By: Kristian Fanene Schmidt, Contributing Writer & Kayla Thompson, Communities of Color and Media Junior Associate
Since 1992 in the United States, Asian American and Pacific Islander (AAPI) Heritage Month has been observed and celebrated during the month of May.
This May, GLAAD is dedicated to honoring the cultural contributions and influences LGBTQ+ AAPI community members have made, alongside highlighting films, TV shows, and other forms of media with significant LGBTQ+ AAPI representation.
While celebrating AAPI Heritage Month, it’s important to specifically uplift and include the voices, stories, and faces of LGBTQ+ Native Hawaiians and Queer and Trans Pacific Islanders (QTPI), as Native Hawaiian and Pacific Islander representation is often left out of the conversation and particularly lacking on-screen.
In addition to the lack of on-screen representation, there is also a lack of knowledge surrounding queerness in the Pacific, which has always been manifold. While homophobia and transphobia have been present in cultures across the Pacific, there is also a long history of diversity regarding gender identity, gender expression, and sexuality in numerous Pacific societies.
With the understanding that many Pacific people don’t identify with western identity terms and colonial imposed labels, Phylesha Brown-Action, the Executive Director and Co-Founder of Fine Pasika, coined the term MBPFAFF+.
MVPFAFF+ stands for the Mahu of Hawai’i, Vakasalewalewa of Fiji, Palopa of Papua New Guinea, Fa’afafine of Samoa, Akava’ine of The Cook Islands, Fakafifine of Niue, Fakaleiti or Leiti of Tonga, and other Pasifika gender expressions and sexualities.
While these identities have not historically been afforded the same visibility and amplification among LGBTQ communities, an emergence of Pasifika, MVPFAFF+, and ally filmmakers and creatives are working to correct colonial narratives surrounding the Pacific and are driving equitable, perspective-centered, and uplifting depictions of the community.
With help from Kristian Fanene Schmidt, we’re sharing below a list of some of the films and television shows that are dedicated to QTPI and MVPFAFF+ representation and inclusion:
RuPaul’s Drag Race Season 15 (2023) – Philo
Queens like Kween Kong (of Tongan/Samoan descent) and Brita Filter (of Tongan descent) have appeared on RuPaul’s Drag Race in previous years, and put on stunning performances. In 2023, for the first time in the history of the show, a Pacific Islander finished in first place, as Sasha Colby, a Native Hawaiian trans model and activist, took home the crown.
Born To Dance (2015) – Vendetta Films
Born to Dance tells the story of Tu Kaea, portrayed by champion hip hop dancer Tia-Taharoa Maipi when he is given the opportunity to audition for K-Crew, the best hip hope crew in the country, at the expense of his old crew.
Kumu Hina (2014) — Tubi
Documentary “Kumu Hina” follows the life of Hinaleimoana Kalu-Wong, a Native Hawaiian activist and teacher. The show documents her experiences as a mahu, exploring her role as a spiritual and cultural leader and navigating a world in which she seldom finds acceptance. Viewers are also able to see Hina in a loving relationship, documenting a tenderness and visibility that is not often afforded to MVPFAFF+ communities.
Leitis in Waiting (2018) — Plex
“Leitis In Waiting” documents the journey of Tongan fakaleiti/leiti activist Joey Joleen Mataele, with one of the directors being the aforementioned Kumu Hina. The film captures her leading the charge for transgender rights in the Kingdom of Tonga, as Joey is the founder of the Tongan Leitis Association (TLA).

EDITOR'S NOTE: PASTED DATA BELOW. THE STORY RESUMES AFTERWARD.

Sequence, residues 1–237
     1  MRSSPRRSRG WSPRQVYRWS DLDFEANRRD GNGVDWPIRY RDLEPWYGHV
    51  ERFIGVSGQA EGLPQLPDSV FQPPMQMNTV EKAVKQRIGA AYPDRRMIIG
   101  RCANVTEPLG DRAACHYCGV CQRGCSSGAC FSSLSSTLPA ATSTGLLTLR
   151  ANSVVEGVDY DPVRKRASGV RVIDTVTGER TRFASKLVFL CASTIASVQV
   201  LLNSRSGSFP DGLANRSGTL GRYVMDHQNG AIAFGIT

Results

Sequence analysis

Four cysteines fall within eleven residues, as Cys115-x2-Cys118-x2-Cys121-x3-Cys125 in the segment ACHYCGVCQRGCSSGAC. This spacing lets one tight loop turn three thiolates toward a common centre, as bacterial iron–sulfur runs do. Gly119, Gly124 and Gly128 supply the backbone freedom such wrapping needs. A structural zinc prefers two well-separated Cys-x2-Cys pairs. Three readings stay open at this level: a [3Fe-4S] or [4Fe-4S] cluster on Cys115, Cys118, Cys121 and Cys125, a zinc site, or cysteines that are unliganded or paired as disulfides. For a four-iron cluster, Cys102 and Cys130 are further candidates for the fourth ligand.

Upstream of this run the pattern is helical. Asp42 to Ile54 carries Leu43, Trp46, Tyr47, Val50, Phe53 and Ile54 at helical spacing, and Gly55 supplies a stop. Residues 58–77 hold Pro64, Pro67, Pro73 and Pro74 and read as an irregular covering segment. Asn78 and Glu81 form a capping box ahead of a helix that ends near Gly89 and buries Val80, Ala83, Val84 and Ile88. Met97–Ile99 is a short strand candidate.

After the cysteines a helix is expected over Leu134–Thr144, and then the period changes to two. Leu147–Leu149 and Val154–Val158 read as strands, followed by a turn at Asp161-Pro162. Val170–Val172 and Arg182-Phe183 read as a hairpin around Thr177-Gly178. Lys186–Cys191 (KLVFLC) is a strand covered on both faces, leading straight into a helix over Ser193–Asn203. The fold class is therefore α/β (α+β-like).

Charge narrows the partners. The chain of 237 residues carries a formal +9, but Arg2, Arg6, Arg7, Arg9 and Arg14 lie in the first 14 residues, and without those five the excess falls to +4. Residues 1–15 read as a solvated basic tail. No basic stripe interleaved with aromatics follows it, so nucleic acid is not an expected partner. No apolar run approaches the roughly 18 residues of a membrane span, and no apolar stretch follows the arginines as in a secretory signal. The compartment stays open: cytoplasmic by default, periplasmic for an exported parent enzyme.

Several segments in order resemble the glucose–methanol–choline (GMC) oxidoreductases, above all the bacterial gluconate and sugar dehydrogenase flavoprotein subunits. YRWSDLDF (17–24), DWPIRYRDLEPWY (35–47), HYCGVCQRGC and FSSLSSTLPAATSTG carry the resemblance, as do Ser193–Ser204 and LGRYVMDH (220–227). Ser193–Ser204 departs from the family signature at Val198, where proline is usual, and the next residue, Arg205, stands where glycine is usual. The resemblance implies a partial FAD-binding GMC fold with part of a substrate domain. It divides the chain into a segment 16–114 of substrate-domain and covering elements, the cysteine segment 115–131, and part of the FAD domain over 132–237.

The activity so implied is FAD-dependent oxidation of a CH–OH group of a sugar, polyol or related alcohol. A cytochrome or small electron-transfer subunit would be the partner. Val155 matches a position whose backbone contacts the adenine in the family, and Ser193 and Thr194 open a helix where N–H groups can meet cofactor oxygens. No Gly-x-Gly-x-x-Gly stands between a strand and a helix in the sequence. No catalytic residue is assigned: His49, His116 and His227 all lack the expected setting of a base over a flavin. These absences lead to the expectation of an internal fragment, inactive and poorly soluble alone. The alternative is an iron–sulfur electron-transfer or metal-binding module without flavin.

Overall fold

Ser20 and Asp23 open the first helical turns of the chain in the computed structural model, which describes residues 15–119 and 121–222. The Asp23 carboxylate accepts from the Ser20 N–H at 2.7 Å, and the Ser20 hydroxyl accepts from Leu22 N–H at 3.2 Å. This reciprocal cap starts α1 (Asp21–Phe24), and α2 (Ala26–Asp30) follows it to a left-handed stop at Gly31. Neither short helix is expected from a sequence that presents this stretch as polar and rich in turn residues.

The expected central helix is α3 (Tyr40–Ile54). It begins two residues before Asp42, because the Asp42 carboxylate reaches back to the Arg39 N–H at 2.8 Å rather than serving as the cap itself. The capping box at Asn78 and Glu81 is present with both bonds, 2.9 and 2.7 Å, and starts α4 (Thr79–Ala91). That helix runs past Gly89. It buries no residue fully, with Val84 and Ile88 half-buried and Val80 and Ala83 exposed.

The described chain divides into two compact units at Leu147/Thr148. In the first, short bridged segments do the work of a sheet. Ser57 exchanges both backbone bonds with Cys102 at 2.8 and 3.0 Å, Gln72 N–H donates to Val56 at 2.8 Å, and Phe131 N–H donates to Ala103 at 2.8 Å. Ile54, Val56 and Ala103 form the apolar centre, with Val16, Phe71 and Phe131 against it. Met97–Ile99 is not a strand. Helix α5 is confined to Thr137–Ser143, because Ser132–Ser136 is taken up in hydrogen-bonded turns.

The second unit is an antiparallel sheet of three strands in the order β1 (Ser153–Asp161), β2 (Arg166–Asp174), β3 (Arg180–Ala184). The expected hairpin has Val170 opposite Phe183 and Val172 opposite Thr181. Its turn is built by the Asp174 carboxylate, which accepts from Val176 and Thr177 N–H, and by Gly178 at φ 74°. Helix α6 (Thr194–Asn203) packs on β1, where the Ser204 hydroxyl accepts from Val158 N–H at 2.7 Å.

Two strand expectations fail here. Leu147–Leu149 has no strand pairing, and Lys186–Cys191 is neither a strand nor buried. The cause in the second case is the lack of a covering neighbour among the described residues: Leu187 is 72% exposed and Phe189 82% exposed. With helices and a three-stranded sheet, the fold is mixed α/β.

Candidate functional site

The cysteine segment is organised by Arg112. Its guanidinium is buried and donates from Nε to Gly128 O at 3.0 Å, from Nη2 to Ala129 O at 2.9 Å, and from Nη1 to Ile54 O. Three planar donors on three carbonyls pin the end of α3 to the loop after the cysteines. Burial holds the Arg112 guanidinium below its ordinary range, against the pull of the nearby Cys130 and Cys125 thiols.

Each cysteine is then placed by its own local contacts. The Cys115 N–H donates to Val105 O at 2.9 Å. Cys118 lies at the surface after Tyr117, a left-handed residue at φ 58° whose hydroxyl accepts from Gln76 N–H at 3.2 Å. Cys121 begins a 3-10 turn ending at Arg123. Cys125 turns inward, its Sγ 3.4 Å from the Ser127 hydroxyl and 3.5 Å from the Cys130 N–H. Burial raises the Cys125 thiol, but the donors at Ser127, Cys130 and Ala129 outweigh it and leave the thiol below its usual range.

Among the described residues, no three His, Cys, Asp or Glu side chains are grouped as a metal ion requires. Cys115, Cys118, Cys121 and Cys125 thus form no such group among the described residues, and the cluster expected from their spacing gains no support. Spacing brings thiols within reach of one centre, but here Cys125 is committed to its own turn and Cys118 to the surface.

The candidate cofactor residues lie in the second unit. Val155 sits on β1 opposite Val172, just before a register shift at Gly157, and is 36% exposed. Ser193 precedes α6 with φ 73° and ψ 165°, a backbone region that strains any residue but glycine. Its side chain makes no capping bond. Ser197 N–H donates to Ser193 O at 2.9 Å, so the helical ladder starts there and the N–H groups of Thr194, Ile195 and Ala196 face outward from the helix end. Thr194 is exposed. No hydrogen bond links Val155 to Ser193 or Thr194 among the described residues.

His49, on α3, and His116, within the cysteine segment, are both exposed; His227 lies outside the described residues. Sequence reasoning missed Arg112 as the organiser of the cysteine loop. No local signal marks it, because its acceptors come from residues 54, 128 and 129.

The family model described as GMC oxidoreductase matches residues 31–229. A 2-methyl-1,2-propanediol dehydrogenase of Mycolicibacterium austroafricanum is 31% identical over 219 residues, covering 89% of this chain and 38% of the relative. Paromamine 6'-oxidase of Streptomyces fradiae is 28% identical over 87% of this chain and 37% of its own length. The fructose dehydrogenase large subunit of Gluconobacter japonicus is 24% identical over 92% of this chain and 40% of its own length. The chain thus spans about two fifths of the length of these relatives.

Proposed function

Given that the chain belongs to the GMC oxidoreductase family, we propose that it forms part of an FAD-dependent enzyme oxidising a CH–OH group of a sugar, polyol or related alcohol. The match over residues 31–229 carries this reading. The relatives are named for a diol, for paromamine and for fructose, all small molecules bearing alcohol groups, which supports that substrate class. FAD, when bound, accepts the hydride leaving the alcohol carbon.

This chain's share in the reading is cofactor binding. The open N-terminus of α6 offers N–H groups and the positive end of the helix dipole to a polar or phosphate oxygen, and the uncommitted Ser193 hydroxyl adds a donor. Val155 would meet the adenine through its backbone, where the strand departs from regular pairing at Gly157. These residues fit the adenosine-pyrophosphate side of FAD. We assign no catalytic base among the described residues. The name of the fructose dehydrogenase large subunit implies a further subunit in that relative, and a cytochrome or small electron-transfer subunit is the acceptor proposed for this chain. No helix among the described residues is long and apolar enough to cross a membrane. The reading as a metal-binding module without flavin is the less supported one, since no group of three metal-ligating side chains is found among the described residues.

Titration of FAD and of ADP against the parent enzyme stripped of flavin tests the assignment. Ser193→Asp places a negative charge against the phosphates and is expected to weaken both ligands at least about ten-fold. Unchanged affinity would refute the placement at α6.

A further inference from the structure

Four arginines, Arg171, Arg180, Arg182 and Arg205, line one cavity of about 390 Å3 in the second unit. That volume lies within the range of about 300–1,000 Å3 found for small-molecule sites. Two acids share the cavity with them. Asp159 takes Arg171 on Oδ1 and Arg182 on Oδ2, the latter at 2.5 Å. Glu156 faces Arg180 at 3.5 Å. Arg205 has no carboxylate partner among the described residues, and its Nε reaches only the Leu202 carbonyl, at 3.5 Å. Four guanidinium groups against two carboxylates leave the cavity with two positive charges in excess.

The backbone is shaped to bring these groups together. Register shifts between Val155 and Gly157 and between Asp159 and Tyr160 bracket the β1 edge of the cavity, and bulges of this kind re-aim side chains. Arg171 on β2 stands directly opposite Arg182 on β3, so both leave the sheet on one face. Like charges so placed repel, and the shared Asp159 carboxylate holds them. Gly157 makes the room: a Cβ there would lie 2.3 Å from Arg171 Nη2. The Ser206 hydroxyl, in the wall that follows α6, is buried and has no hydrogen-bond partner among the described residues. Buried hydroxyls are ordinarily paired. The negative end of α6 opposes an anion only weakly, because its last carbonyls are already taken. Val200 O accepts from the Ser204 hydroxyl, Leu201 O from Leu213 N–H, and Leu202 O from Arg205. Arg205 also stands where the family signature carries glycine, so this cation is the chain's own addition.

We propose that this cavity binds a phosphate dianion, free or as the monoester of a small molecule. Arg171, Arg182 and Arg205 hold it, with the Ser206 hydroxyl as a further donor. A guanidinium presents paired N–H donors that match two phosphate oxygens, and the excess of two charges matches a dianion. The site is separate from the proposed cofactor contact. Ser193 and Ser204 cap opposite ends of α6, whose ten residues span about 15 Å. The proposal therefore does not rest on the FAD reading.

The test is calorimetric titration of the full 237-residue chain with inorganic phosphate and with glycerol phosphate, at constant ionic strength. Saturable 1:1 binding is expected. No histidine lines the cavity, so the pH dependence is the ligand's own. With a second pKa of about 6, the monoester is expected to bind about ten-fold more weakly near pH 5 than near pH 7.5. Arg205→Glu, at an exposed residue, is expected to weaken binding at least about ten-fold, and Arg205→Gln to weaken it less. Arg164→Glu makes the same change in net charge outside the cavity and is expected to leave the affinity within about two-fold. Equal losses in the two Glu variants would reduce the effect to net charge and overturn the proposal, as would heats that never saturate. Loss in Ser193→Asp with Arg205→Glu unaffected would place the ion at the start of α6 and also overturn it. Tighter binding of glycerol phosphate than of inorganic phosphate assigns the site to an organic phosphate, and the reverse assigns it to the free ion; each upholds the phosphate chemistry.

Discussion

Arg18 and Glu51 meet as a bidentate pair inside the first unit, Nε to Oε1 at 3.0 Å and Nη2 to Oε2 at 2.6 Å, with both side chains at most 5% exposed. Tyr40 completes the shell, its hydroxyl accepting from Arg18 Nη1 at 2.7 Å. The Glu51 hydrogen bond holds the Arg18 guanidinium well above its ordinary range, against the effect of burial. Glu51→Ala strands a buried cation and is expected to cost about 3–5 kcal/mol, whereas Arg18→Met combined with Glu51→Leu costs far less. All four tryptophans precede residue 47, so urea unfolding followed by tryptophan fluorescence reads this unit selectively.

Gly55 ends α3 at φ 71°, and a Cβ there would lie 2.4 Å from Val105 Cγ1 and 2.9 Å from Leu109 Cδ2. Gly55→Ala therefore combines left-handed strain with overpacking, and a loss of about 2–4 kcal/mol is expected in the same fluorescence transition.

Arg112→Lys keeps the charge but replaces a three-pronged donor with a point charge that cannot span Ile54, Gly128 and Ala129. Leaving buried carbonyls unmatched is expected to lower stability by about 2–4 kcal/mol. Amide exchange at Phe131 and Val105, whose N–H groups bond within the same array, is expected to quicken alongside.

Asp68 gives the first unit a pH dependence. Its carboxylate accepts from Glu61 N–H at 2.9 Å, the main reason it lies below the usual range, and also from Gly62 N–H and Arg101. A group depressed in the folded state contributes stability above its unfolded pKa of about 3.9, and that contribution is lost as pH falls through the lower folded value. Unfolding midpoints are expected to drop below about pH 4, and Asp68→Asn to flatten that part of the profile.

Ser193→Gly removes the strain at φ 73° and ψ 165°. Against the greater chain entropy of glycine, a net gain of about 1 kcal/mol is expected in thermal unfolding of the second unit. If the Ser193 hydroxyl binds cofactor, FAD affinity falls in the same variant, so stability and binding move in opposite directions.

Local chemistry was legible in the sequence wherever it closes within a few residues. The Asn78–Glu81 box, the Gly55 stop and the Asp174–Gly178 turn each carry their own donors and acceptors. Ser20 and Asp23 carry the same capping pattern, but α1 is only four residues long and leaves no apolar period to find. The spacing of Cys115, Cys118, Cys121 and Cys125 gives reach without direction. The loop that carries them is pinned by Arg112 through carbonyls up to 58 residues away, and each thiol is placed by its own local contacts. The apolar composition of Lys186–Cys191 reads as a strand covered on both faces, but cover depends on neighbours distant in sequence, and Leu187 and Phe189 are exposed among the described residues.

Next Goal Wins (2014) — Apple TV
The 2014 documentary Next Goal Wins chronicles the events leading to the American Samoan national soccer team’s largest match. Jaiyah Saelua, the first openly non-binary and trans woman to compete in a FIFA world cup qualifier, serves as part of the squad. A feature film adaptation with the same name, Next Goal Wins, is set for release later this year, and will star fa’afafine actress Kaimana in the role of Saelua.
Tits On A Bull (2014) – Vimeo
Centering a Maori women’s rugby team, Tits on a Bull follows Phoenix (Ngawaea Taia), the young star player, as she struggles to choose between her longtime friendship with aging coach Rusty (Roy Billing) or her new relationship with lesbian team-captain, Mel (Maria Walker).
Kama’āina (Child Of The Land) (2020) – Vimeo
Kama’āina (Child Of The Land) tells the story of a queer sixteen-year-old girl, Mahina (Malia Kamalani Soon). Mahina navigates life on the streets, eventually finding refuge at the Pu’uhonua o Wai’anae – Hawaiʻi’s largest organized homeless encampment run by Aunty Twinkle. The film, which is beautifully shot, demonstrates that the answer to Hawaiian issues will always come from the community itself, and not from outside, intervening, non-Hawaiian forces.
Other People (2019) – NMG Network
“Other People” is a short film written and directed by Bryson Chun that follows the final moments of a couple’s relationship. The short was chosen as a 2019 ‘OHINA Showcase Selection by ‘OHINA FILMS, a Hawai‘i-based collective of producers, directors, crew members, and creative talent on-island to help short film concepts that have been created and written during the ‘Ohina Filmmakers Lab Intensive.
The Rogers (2022) – YouTube
While the fa’afafine community has been visible in Samoa for some time, The Rogers offers an intimate glimpse into the lives of the first visible group of fa’atama (trans men) in the Pacific: the Rogers of Samoa.
Two Idiot Girls – Spotify
Comedy podcast “Two Idiot Girls,” is co-hosted by Samoan Deison Afualo, along with her sister Drew. On “Two Idiot Girls,” Deison shares her perspective shaped by her experiences as a young queer Pasifika woman.